Modbus Conformance

Modbus_ConformanceIf you’re a device manufacturer and you’ve ever developed an EtherNet/IP Adapter, BACnet/IP Server or a ProfiNet IO Slave device, you are cognizant of conformance testing. These organizations are sticklers for making sure that products are not released to the market without validating that they have the minimal required functionality. This is very typical of most industrial protocols. Most trade organizations specify a protocol test that has to be successfully executed to get a certification statement or logo that a device vendor can use to indicate that the device conforms to the specification of the technology.

This is, of course, extremely important to a lot of very big, very important customers like automotive manufacturers. They don’t want to spend their time sorting out the whys and wherefores about why product X doesn’t work well with product Y. In fact, it’s absolutely the last thing in the world that they want to be doing. They want to buy a certified product specifically so they won’t be fighting that battle. They know that there is high probability that your certified product is going to perform correctly in their application.

Modbus has been a little late to this party. For a lot of years, there was no conformance test for Modbus products. A developer would create something, test it in some fashion, and ship it. It was left to the user to figure out what worked and what didn’t work.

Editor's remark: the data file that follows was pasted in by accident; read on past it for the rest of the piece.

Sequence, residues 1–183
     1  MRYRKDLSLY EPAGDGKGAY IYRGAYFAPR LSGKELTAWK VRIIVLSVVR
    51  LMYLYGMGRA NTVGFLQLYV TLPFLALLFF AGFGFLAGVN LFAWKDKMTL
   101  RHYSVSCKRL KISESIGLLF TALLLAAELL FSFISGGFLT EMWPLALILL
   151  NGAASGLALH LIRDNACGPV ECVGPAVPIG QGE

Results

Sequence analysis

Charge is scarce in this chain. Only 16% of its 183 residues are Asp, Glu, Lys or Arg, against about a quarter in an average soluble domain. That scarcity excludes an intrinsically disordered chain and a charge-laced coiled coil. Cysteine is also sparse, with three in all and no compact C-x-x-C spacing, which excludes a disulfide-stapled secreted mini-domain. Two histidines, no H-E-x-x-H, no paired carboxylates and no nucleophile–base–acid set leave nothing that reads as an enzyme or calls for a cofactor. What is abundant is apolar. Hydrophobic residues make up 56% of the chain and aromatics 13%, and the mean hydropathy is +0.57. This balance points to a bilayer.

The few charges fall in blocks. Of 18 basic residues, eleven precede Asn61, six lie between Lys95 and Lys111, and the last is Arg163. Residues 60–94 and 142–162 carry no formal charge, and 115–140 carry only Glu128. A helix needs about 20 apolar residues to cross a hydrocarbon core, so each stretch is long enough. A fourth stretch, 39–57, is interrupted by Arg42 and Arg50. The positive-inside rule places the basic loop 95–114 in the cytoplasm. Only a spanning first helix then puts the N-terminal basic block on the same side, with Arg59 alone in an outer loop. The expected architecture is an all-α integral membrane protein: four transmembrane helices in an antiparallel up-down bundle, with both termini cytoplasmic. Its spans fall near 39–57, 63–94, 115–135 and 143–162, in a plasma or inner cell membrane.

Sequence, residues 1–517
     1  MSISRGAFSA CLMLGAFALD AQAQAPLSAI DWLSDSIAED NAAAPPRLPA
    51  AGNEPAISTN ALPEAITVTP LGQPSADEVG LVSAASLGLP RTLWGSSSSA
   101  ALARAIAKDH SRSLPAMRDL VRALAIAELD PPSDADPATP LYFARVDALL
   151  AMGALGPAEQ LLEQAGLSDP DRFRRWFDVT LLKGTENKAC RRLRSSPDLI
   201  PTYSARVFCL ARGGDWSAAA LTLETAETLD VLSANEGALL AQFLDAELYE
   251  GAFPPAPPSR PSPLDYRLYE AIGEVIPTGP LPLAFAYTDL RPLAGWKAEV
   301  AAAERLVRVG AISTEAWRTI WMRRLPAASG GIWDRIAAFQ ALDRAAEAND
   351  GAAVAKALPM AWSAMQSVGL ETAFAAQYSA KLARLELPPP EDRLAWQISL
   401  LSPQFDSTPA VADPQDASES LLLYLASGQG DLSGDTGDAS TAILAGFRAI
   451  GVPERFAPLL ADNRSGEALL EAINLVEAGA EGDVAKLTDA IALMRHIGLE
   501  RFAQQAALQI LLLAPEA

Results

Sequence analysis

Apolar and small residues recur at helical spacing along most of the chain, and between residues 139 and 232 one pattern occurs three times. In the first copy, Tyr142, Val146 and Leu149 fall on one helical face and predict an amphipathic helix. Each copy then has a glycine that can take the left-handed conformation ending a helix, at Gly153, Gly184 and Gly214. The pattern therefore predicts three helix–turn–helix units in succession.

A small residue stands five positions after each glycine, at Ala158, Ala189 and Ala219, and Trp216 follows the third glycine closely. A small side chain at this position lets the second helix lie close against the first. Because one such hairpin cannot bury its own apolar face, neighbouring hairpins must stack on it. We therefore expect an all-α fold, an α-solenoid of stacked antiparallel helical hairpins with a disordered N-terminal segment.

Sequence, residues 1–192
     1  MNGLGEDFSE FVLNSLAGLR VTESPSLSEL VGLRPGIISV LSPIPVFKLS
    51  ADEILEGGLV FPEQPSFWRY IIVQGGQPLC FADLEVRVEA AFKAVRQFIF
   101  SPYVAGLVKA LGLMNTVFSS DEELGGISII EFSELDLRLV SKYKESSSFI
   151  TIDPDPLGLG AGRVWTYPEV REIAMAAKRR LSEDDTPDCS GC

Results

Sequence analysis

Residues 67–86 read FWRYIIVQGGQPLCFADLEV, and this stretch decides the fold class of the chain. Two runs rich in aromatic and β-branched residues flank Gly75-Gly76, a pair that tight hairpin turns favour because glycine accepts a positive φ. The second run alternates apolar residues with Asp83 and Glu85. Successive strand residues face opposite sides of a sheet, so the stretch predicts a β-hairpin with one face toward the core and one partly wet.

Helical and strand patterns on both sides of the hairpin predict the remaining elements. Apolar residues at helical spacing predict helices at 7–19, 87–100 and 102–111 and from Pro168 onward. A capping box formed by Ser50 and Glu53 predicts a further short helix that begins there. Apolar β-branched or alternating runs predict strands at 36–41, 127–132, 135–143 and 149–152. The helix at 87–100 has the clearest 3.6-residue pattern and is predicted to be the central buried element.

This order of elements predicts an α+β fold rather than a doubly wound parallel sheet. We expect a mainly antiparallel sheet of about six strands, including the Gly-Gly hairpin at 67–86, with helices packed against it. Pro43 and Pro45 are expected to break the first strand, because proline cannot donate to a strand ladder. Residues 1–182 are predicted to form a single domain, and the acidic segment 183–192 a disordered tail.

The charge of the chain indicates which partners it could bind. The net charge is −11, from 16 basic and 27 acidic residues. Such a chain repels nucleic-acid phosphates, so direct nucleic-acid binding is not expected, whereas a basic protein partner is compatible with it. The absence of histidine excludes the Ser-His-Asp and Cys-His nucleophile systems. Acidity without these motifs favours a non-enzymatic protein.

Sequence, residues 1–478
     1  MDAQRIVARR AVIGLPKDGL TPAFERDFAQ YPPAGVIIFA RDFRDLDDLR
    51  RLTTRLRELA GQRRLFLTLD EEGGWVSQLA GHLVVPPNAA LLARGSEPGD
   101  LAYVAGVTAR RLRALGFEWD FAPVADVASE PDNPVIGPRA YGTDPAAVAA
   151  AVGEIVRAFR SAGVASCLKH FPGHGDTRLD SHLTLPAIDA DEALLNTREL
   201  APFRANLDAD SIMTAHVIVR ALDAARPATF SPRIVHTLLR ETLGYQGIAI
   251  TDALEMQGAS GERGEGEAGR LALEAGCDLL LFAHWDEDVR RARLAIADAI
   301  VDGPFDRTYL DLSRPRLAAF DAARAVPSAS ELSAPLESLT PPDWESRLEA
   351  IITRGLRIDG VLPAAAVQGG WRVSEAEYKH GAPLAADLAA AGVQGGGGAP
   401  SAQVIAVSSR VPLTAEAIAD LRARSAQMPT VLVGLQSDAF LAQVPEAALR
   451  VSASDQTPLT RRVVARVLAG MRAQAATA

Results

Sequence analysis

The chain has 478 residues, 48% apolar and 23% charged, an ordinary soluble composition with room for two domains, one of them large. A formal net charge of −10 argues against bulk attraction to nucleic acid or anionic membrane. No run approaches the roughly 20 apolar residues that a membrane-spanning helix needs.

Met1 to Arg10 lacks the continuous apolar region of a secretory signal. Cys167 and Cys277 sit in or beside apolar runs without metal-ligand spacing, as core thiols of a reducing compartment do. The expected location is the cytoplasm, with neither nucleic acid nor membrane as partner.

In the time since, the Modbus Organization has remedied this problem. They not only established a test procedure, they contracted with the University of Michigan to implement it. You now have two options for certification of your Modbus Slave device or Modbus TCP Server device.
One, you can self-certify. That means that you download the test and execute it yourself. You pledge that your product meets the minimum functionality of a Modbus device as specified by the test.

Two, you can purchase testing from the Modbus Organization. The test lab at the University of Michigan will perform the test for you and validate your device. That, of course, is going to cost you some cash and some time. But you get a second set of eyes and third party testing.
You can find out all about testing, including what tests to perform and what options are available, by visiting the Modbus Organization certification web page at

If you visit that site, you will notice that only your Slave or Server device can be tested. There is no test for Master or Client devices. The Controller side of many programs cannot be certified through the trade organization’s test facility.

You will also note on that site that only Modbus TCP Server devices can be tested. The Modbus Conformance test is designed for Modbus TCP Ethernet devices, not Modbus Serial devices. To test a Modbus RTU Serial device, you must use a gateway that can connect your Modbus Serial device to a Modbus TCP Client. Any Modbus Router can be used for the test, but the Modbus Organization recommends a product from Schneider Electric. I recommend the BFR3000, the router from Real Time Automation. Yes, that’s a shameless plug, but what do you expect from me?


PS – A couple of cool links for you: Royalty Free Modbus TCP Server Source code and Royalty Free Modbus TCP Client Source code. You may also get a free copy of my book by sending me a message using the following link: